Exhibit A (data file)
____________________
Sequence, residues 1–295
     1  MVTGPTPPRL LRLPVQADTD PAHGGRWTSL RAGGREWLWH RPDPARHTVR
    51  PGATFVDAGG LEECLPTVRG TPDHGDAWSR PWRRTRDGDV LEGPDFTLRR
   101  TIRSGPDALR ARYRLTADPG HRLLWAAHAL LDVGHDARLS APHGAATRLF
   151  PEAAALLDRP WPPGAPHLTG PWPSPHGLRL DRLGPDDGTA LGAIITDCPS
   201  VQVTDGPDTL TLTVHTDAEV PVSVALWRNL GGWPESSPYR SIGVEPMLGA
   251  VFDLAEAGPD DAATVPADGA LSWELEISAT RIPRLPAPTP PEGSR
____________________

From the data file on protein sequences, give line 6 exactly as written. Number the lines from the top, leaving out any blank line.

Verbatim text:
   201  VQVTDGPDTL TLTVHTDAEV PVSVALWRNL GGWPESSPYR SIGVEPMLGA